It was our last Saturday night in Jakarta. Everything must come to an end. After 10 years, leaving was not an easy thing. A quiet “last supper” with our friends Liz and Walter was our preferred choice. They invited us to Anatolia, a Turkish restaurant in South Jakarta.
Beautiful tiles depicting among others “grapes”.
I am a lover of Turkish food and so it came as no surprise that we just loved the various dishes which were put in front of us. Good food, good company, good conversations, fun and good wine, that should become the recipe of the evening. And look at some of the food!
Various starter platters.
Unfortunately, I forgot most of the names of the different dishes. The atmosphere in the restaurant was lively. We were entertained by a dancer and modern music from the Middle East.
What did we drink? As so often before, I was given the task of selecting the wine. I could have chosen some Australian reds but could not resist to order something new, something I had never heard of: a Turkish wine. Have you ever heard about Yakut (not not the thin Japanese milk-yoghurt drink, which is written with an l before the t)?
‘Yakut Kavaklidere’ was written on the bottle. Fortunately the back label was in Turkish. I just could not resist ordering the bottle and some more were to follow. The wine was dark red in colour. We were all surprised by its round taste, an intense fruit flavour, a bit of plum and cherries. But it was unlike other wines. I could not identify the grape variety. We all agreed that the wine matched the food very well. Existing prejudices about Turkish wines were quickly transformed into admiration. Despite the fact that this wine was simple (and not expensive) and not at all sophisticated, we just loved it. Thanks Liz and Walter for the wonderful evening.
Are you living in Jakarta and having no plans for Friday night as yet? The choice is clear. Have a meal at Anatolia.
You have enjoyed your supper with wine in the middle east restaurant even in the ramadaan season which profibit to drink alchol.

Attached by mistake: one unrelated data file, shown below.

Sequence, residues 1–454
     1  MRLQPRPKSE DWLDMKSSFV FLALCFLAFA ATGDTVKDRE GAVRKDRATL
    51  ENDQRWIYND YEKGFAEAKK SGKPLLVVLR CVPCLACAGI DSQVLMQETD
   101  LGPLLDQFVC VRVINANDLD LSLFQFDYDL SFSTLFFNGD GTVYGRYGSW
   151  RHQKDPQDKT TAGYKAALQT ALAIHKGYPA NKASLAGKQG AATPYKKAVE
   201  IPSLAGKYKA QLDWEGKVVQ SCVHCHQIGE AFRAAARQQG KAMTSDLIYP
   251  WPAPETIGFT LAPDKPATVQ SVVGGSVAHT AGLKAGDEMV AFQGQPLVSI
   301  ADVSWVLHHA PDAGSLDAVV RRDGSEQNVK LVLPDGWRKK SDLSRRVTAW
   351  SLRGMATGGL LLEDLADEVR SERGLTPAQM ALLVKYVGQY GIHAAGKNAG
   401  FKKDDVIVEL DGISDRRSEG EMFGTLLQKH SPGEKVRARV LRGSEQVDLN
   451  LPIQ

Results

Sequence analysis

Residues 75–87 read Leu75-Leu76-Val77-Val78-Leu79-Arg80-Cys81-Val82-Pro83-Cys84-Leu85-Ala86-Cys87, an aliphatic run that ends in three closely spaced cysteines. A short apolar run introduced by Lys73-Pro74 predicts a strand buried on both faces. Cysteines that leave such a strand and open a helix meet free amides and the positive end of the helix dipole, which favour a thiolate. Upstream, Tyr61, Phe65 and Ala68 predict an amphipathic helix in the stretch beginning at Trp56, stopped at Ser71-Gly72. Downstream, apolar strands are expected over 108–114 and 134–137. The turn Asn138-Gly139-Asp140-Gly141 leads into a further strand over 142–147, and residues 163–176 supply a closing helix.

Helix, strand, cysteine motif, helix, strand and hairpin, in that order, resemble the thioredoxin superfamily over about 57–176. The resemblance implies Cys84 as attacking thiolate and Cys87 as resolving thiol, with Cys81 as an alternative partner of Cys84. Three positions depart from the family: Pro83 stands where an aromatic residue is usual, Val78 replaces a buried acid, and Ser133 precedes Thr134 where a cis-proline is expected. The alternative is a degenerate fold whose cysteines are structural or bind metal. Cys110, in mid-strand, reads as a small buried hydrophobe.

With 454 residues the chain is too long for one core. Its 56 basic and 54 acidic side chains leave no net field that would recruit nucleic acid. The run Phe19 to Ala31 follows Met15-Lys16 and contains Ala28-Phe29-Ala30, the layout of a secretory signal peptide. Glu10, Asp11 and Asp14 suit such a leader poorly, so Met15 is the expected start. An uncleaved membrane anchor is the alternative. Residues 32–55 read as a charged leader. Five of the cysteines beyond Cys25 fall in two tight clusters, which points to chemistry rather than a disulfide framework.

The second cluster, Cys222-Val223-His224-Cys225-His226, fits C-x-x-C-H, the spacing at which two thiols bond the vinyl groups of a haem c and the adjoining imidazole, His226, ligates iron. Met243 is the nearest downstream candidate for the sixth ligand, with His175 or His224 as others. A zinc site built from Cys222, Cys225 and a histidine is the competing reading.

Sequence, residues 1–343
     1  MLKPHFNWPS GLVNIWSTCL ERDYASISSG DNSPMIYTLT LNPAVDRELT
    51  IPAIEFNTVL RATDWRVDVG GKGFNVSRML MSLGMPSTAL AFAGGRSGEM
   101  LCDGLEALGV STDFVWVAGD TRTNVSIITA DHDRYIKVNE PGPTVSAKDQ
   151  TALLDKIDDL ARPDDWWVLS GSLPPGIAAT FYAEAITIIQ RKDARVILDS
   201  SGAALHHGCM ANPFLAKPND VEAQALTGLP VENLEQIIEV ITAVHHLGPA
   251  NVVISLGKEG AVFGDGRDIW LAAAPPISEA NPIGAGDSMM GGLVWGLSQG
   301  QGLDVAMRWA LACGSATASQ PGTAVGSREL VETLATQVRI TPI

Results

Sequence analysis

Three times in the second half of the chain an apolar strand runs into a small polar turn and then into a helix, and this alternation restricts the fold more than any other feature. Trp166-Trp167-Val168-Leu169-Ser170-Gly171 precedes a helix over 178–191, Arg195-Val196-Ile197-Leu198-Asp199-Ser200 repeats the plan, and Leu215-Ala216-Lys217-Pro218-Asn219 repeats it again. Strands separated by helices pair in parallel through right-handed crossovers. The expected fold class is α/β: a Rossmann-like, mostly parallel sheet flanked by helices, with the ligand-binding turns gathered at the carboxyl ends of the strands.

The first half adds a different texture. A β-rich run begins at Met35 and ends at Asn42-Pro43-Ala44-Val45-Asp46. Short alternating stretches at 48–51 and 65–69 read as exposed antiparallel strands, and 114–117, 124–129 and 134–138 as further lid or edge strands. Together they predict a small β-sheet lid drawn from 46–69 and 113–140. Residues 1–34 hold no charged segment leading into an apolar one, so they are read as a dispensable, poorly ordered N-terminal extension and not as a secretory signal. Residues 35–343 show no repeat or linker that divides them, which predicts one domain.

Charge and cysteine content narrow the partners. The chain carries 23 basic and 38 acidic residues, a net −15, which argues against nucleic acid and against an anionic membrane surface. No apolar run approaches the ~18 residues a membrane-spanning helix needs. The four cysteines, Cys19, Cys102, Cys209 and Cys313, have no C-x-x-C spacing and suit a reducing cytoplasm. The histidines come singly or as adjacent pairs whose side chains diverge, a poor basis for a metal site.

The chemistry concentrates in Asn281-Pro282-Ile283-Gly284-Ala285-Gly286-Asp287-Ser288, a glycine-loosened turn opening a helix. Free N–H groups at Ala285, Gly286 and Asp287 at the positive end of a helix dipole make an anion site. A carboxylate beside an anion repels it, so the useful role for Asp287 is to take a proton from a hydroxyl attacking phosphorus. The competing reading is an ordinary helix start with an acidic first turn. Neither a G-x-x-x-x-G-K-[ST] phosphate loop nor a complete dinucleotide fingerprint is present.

Didn’t you feel uneasy any time FPI will come and terrify to pay ?
Please recommend any German good pub or lokal in Jakarta
many thanks for your response. The weekend I refer to was the last weekend in August, a day before the start of the fasting month. The dinner would have happend after the break of the fast anyway.
However, also as a non-muslimI should have the possibility to follow my own ways. And since Indonesia has a large minority of non-Muslim, they have to be accomodated as citizens as well.
By the way, the prohibition of the consumption of alcoholic drinks applies to all Muslims also outside the fasting month.
As regards FPI and their action, I consider their often violent behaviour as unlawful and againts the constitution of the Republic of Indonesia as well as againts other public and criminal laws.
If I am not mistaken some parts of the German community frequent a place called “Die Stube” in Kemang. There should be other suitable places, maybe at the Aryadutha Hotel. Check it our yourself. Now that Id ul Fitri is approaching, peace, joy and happines are in the air.
An excellent glimps of the restaurant and what it has to offer. I have to admit, I am most tempted to dine there. I just have one question, what’s the impact of the dining cost there to one’s pocket? Would I need to re-mortgage my house? Or is it one of those “a little steep even for European standard but was worth it”
Oh and on another note, I thought pub was an English thing? German and Pub in one sentence??? That’s an insult to both culture!…just kidding.
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i am going to this resto tonight!!! what a worth waiting.. thanks for review. can’t wait to feel the turkish ambience and good food tonight. it’s for break fasting, and i hope all my office friend will like it. hope the good food, good conversation, good ambience will follow us just like you had 🙂